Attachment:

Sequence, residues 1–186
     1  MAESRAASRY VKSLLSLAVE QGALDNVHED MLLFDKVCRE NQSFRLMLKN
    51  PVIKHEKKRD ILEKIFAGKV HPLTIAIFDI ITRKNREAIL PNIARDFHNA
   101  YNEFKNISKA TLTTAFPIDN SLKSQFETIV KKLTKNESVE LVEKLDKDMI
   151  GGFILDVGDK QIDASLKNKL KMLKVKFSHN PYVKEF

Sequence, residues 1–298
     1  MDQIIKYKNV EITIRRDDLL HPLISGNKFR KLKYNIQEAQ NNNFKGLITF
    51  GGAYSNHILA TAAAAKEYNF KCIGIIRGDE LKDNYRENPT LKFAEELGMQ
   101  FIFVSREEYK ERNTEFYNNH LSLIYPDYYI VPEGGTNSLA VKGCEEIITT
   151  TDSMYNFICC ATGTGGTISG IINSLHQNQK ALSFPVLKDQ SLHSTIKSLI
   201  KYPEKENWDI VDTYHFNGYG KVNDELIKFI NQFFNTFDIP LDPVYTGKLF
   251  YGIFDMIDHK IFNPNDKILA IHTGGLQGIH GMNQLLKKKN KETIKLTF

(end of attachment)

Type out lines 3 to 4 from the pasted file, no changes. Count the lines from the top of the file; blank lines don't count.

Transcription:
    51  PVIKHEKKRD ILEKIFAGKV HPLTIAIFDI ITRKNREAIL PNIARDFHNA
   101  YNEFKNISKA TLTTAFPIDN SLKSQFETIV KKLTKNESVE LVEKLDKDMI